Advertisement



Email

Running On Real Estate for December 5

An apartment house at 183 Columbia Heights. Photo courtesy of Mitchell Holdings 

Brooklyn Daily Eagle

Shake hands or fist bump? Eye contact or not? One air-kiss or two? So many questions, as such a split second decision can affect the progress of our relationships with different clients. Understanding the cultural variances of our neighbors from abroad is the key to success when working with international buyers, sellers, renters and investors.

New York is a magnet for attracting people from all corners of the world. The unique diversity of our boroughs is testament to this. There really is something for everyone in the Big Apple. And people want a piece of it; they want New York real estate. No surprise here. New York is a great place to live.

The surprise can come when we fail to recognize and adjust to the obvious and subtle cultural norms that divide us. What may be completely appropriate behavior to us could be highly offensive to someone from a different background. Most often the result is not as extreme as ruining a deal, but rather it affects the overall connection we make with our clients. Real estate is a relationship business, and developing good relationships requires understanding.

Last summer I worked with a family from India. The parents, who live in India, were in town for a period of time to help get their college-age kid into an apartment before school started. I had a week to find a rental apartment in Brooklyn Heights. All good. But, what I learned along way is that they were accustomed to having a staff of people take care of everything for them. I was expected to be an extension of this.

Rather than take offense to the beyond full-service nature of our short relationship, I was able to accommodate their needs. For the most part. I had to stop short of offering to build the Ikea furniture they were contemplating purchasing when they did not receive the in-store service they expected.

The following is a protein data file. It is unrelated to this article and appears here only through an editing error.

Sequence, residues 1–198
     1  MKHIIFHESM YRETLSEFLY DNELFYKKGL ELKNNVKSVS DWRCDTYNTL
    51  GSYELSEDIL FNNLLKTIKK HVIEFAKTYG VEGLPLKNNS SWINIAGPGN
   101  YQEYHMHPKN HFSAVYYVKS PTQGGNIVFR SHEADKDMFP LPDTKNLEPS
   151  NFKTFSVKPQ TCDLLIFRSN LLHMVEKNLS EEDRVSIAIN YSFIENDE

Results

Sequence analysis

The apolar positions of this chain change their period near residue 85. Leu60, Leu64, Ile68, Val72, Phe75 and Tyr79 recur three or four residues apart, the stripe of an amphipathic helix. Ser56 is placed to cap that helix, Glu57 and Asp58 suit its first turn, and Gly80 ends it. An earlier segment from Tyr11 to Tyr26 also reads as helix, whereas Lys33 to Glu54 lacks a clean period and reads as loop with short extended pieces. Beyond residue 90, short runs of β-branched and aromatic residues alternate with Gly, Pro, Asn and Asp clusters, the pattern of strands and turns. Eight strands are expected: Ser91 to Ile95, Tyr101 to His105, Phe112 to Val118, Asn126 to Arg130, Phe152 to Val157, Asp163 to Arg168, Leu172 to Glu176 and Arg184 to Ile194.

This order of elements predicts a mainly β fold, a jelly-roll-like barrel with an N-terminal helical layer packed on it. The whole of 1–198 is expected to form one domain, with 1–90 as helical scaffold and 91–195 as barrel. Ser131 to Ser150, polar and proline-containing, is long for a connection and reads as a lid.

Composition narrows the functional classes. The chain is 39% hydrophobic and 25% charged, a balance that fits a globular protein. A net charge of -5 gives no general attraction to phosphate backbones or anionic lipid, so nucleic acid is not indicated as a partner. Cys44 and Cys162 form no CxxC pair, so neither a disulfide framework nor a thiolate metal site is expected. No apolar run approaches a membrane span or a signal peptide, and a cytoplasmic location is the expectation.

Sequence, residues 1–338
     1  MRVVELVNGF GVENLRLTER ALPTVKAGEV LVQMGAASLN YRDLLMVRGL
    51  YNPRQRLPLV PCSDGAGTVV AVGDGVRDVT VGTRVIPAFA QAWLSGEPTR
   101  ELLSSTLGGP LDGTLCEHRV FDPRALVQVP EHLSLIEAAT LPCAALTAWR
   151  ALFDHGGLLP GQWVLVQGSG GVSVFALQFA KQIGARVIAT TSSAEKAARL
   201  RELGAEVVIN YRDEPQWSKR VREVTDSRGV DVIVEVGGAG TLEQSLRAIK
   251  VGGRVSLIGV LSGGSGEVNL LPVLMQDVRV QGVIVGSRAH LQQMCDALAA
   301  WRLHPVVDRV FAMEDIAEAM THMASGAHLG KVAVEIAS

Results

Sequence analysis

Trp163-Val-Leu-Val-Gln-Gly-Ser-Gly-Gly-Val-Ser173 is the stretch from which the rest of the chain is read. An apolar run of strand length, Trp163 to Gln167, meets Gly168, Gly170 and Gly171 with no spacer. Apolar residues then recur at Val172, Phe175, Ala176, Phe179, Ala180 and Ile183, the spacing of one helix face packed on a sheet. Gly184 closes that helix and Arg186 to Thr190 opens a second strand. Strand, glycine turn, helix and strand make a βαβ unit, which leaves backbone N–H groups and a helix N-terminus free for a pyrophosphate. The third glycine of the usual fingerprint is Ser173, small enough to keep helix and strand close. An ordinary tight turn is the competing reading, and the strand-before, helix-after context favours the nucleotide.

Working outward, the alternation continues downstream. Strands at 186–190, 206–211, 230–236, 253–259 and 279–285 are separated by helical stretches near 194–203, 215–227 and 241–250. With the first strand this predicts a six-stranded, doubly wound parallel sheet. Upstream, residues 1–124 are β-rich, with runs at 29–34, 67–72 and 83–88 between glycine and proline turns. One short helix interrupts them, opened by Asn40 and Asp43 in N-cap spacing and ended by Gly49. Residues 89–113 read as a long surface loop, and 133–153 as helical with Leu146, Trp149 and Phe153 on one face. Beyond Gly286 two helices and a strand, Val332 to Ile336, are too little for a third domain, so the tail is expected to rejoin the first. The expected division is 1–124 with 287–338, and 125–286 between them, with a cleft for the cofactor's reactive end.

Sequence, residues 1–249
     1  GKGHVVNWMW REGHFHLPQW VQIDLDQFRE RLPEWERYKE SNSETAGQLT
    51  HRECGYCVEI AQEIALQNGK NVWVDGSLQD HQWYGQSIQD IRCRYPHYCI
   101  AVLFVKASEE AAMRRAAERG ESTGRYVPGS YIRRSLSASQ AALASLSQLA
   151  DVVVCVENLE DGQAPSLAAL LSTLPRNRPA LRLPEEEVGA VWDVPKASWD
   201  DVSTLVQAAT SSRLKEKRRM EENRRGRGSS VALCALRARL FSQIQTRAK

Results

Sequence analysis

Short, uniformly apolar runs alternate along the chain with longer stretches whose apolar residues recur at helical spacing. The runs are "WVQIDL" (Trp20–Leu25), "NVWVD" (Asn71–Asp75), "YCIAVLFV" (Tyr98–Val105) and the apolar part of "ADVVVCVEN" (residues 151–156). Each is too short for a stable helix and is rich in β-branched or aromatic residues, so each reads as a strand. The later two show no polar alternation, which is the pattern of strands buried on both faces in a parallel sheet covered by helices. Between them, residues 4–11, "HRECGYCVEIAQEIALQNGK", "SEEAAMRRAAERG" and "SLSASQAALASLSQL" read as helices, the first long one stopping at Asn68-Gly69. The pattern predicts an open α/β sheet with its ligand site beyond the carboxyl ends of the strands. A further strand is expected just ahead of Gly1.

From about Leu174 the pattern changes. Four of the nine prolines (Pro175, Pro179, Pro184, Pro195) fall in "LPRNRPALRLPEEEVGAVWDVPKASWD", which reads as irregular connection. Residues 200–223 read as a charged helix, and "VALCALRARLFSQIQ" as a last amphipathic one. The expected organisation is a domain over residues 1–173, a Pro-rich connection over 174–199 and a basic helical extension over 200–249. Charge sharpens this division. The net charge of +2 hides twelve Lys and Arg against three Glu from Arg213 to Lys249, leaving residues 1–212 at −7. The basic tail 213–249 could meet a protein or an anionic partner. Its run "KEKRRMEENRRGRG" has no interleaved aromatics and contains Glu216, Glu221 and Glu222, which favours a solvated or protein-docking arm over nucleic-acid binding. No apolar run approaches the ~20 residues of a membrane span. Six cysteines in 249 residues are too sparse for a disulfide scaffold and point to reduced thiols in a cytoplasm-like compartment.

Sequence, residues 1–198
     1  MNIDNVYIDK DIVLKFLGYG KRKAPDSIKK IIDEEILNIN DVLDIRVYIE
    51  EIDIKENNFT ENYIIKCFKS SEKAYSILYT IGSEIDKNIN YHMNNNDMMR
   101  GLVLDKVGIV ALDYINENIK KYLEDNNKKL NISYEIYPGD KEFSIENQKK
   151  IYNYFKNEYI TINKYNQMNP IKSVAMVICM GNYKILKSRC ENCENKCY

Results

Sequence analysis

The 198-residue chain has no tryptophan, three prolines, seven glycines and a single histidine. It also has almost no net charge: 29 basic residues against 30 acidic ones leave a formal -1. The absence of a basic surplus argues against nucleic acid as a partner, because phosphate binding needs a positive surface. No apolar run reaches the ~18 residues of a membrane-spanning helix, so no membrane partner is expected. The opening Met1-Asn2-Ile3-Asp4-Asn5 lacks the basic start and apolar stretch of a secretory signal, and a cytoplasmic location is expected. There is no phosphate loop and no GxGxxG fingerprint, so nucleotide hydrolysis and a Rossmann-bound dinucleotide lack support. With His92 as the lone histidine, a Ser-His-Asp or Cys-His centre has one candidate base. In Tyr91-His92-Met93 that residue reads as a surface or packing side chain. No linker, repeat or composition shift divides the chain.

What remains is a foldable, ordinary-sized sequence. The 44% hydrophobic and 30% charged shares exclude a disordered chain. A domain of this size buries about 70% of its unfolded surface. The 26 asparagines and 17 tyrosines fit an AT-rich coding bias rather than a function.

Another international client, with whom I regularly visit open houses, is a two-cheek-greeting kisser. She told me in the beginning that one air kiss was not the proper way. It was a subtle adjustment, and my accommodating her customs makes her comfortable.

When starting a real estate relationship with a new client from abroad, or even from another state, it's vital to understand and adjust to our differences. It's all about getting along and taking care of business.

On the Run

Here's a dicey topic: Is it okay to use the bathroom when viewing apartments or attending open houses? I usually refrain from this. However, in asking other agents their opinion, I’ve found that to some it's not an issue. If you've gotta go, you've gotta go. Still, it's slightly awkward in my mind.

When there is a roll of toilet paper present in the bathroom of an empty apartment, maybe. No toilet paper, no go. Although I confess I have crossed this line on two occasions: once when no one was there, and recently while touring apartments with a client and another agent. No one cared. I felt weird. Oh well, when nature calls.

Open houses, now that's a real no go in my personal real estate playbook. The exception would be if someone has a small child who needs to go, or a pregnant woman who has to go constantly. When I was house hunting in San Francisco many years ago, my young daughter needed to relieve herself. We were at an open house that was not busy, so we ducked into a downstairs restroom. When we came out, the listing agent was waiting and he was furious. This experience is where I formulated my thoughts about appropriate bathroom behavior. It's a good thing that we didn't want to buy that house.

Right or wrong, whether you agree or not, to pee or not to pee is a dicey question.

Karen Monroe practices real estate at Douglas Elliman Real Estate, 156 Montague Street in Brooklyn Heights. She lives in the neighborhood and represents buyers, sellers and renters in Brooklyn and Manhattan. Karen can be found walking her dogs and running the parks, paths, streets and bridges of Brooklyn and beyond. For feedback and all of your real estate needs, contact Karen at kmonroe.nyre@gmail.com.

 

December 5, 2013 - 8:00am


Email

BDE TWITTER FEED

Join the conversation

Most Popular

  • Most Viewed
  • Most Commented
  • Most Shared
  • Past:
  • 1 day
  • 1 week
  • 1 month
  • 1 year